Class differences in achievement (external)

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External Factors. (Class)

  • Material deprivation- 'Poverty and a lack of basic necessities such as adequate housing and income'. Exclusion and truancy are  more likely for children from poorer families. Housing- Overcrowding can make it harder to study, less room to do homework, cold/dampness ca casue illness. Diet and healthHoward 01 argues children from poorer homes have lower intake  of vitamins and minerals weaking the immune system=absence.
  • Cultural deprivation- Aquiring values, attitudes and skills needed for educational success through primary socialisation in the family. Many working class families fail to socialise their children therefore they grow up socially deprived, They lack basic social equipment (language, self discipline, reasoning skills) neded to well in school. 
  • Cultural Captial- Through socialisation middle class children are more abe to grasp and express complex ideas and understand what the education system requires for success. The education system favours and transmits middles class culture making working class feel their culture is inferior. Cultural captial+Economic capital=Educational capital.
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Cultural deprivation.

  • Intellectual Development- Working class homes lack the books, educational toys and activities that would stimulate a childs intelletual development. DOUGLAS 64 found working class pupils scored lower on tests of ability then middle class pupils. He argues that this is because working class parents are less likely to support their childrens intellectual development through reading with them or doing other educational activities at home.
  • Language- Bereiter and Engelmann 66 claim the language used in lower class homes is deficient. lower cass families communicate by gestures and disjointed phrases. Restricted speech code (bernstein)- Used by working class, limited vocabulary, use of short and unfinished and gramticaly simple sentences, speech is predictable.Elaborated speech code (bernstein)- used by middle class, wider vocabulary, longer gramaticaly complex sentences, speech is varied communication of abstract ideas. Evaluation- Assumes working class speech is inadequate blaming working class culture.
  • Attitudes and values- Douglas found middle class parents are more likely to be supportive, place more value on education, be more ambitious for ther children, be more encouranging and to take more interest in their childs education. He found working class parents visite schools less to discuss their chidrens progress. It has also bee argued that a large section of working class have different goals, beliefs, attitudes and values from the rest of society.
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Sugarman 1970.

Sugarman argues middle class jobs are secure careers offering continuous individual advancement, this encourages ambition, long term planning, willingness to invest time in gaining qualifications, in contrast working class jobs are less secureand have little career structure. Parents pass on these values through socialiation. The following are values internalised by working cass children and results in them underachieving.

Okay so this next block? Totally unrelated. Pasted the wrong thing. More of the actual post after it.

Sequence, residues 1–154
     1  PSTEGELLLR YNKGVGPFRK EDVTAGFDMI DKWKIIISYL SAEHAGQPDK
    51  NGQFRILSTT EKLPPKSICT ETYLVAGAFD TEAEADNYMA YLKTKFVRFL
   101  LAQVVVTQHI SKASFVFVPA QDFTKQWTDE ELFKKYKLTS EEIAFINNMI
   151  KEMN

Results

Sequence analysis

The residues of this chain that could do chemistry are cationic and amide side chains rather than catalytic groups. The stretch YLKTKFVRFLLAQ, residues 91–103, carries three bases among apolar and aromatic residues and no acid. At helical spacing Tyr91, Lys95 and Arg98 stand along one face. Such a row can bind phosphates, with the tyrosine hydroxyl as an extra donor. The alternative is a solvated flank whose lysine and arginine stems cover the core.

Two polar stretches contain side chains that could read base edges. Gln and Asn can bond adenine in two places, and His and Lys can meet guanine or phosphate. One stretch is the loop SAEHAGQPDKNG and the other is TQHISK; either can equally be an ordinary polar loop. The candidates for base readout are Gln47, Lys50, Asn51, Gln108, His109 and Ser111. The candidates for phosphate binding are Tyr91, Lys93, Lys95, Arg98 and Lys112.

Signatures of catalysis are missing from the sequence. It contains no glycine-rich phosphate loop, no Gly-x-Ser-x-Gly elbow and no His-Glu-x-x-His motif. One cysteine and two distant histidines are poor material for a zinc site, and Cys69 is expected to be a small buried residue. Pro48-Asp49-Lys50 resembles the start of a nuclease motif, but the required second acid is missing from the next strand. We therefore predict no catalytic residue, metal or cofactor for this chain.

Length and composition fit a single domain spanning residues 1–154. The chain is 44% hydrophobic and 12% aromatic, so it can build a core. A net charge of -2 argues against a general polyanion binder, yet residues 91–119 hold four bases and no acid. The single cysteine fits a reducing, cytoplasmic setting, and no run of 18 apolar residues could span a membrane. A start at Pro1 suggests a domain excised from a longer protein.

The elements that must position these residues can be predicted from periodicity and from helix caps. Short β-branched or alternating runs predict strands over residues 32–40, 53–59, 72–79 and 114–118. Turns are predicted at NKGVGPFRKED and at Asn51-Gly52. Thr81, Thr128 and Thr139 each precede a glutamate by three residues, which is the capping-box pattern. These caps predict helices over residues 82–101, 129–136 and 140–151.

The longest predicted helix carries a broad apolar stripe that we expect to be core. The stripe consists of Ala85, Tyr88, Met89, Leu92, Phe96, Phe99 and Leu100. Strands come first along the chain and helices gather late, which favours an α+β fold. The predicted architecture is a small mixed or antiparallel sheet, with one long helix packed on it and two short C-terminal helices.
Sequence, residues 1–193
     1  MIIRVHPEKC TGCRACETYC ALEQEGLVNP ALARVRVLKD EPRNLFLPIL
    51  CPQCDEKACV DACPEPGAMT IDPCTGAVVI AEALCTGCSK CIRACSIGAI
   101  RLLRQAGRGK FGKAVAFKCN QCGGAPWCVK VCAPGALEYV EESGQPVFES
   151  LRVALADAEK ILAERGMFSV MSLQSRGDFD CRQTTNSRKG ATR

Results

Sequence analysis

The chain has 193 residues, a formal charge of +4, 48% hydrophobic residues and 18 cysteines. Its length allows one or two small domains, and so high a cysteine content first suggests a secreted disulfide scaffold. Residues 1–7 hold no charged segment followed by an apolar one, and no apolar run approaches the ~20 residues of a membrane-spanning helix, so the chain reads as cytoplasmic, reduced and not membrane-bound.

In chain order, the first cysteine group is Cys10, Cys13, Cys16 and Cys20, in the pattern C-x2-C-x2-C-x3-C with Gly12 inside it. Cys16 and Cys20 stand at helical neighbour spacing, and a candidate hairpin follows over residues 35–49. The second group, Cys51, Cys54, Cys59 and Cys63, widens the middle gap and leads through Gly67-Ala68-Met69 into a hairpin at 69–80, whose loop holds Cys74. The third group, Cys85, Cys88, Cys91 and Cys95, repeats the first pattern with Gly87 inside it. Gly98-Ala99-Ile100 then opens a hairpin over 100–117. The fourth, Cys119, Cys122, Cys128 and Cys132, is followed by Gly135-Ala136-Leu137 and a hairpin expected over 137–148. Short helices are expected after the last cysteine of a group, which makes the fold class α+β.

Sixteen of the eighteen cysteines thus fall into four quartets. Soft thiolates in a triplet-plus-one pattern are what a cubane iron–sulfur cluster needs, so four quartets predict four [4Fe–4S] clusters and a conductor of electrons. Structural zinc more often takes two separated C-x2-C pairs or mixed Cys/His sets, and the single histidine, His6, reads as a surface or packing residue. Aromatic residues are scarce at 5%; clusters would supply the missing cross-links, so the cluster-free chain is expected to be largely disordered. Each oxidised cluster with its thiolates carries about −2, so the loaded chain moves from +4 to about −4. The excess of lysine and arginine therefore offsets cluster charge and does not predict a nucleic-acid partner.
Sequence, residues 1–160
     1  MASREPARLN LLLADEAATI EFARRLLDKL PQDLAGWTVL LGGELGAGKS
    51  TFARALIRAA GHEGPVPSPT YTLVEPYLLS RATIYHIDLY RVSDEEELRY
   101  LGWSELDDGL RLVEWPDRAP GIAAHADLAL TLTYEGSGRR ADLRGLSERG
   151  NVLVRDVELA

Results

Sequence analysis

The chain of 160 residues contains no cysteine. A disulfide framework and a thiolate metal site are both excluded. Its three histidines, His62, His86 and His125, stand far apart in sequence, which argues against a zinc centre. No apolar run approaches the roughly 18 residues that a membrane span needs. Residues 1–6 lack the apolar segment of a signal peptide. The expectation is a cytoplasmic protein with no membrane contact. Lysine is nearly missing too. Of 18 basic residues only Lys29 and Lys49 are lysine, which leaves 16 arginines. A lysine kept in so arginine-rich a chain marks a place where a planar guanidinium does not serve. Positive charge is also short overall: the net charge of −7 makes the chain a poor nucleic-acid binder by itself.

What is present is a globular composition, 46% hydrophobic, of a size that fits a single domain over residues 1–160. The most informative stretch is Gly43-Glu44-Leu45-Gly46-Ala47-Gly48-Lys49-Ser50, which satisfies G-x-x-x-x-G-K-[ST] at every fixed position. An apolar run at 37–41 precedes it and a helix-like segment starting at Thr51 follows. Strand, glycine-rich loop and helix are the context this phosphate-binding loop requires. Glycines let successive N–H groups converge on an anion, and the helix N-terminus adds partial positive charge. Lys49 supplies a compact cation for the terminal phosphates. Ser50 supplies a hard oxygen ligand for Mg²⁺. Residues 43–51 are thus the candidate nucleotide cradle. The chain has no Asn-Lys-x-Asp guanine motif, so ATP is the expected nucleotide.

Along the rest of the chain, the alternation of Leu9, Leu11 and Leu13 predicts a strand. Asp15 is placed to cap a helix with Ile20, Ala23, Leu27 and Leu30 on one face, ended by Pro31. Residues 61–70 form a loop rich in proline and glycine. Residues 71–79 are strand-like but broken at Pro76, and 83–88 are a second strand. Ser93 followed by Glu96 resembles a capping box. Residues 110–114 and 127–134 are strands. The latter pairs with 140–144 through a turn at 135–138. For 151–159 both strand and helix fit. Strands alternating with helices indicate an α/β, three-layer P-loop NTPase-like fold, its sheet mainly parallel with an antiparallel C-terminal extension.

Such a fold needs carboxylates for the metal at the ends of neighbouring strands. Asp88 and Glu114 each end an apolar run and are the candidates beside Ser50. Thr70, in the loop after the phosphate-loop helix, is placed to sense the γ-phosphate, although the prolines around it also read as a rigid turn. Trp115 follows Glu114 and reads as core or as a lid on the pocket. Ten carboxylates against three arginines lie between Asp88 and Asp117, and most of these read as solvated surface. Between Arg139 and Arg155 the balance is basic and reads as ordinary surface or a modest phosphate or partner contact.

• Fatalism- A belief in fate- that what will be will be and there is nothing you can do to change your status. whereas middle classes emphasise you can change your position through your own efforts.
  • Collectivism- Valuing being part of a group more than succeeding as an individual- this contrasts with middle class views that an individual should not be hlp back by group loyalties.
  • Immediate gratification- seeking pleasure now rather than making sacrafices in order to get rewards in the future. In contrast middle class values emphasise deffered gratification, making sacrafices now getting rewards later.
  • Present-time orientation- seeing the present as more important than the future  and so not having long term goals or plans. Midle clas culture has a future-time orientation that sees planning for the future as important.
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Bourdieu.

Argues both cultural values (attitudes) and material factors contribute to performance, he argues middle class students usually do better because they have three types of capital;

  • Eduational capital= Qualifications.
  • Cultural capital= knowledge, skills, attitudes, tastes and abilities of the middle class.
  • Econommic capital= wealth, money, resources.

Cultural capital+economic capital=educational capital.

He also argues that the middle classes have a capital- a type of wealth that puts them at an advantage within education- educational, cultural and economic.

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Internal Factors. (class)

  • Labelling- Interactionists have studied classroom interactions and how they affect students achievement. Interactionists argue teachers may label pupils as bright, thick, trouble maker or hardworking. Studies have shown that teachers often attach those labels regardless of the pupils actual ability or attitude. They label pupils based on stereotyped assumptionns about their class background, labelling working class pupils negatively and middle class pupils positvely.
  • Streaming- where children are seperated into different ability groups or classes, each ability group is taug seperately from the others for all subjects. 
  • Subcultures- A pupil subculture is a group of pupils who share similar values and behaviour patterns. they often emerge as a response to the way pupils have been labelled and in particular as a reaction to streaming/labelling.
  • Pupils class identities- Archer 2010- uses bourdieus idea of habitus to explain how students identities (from home) may interact in school to produce underachievement. Middle class have the power to define its habitus as superior and to impose it on the education system. Schools put a higher value on middle classs tastes and preferences, this means middl classes hae symbolic capital and recognition from the school. Girs tend to have hyper-heterosexual feminine styles, policed by peer groups, not conforming leads to 'social suicide' .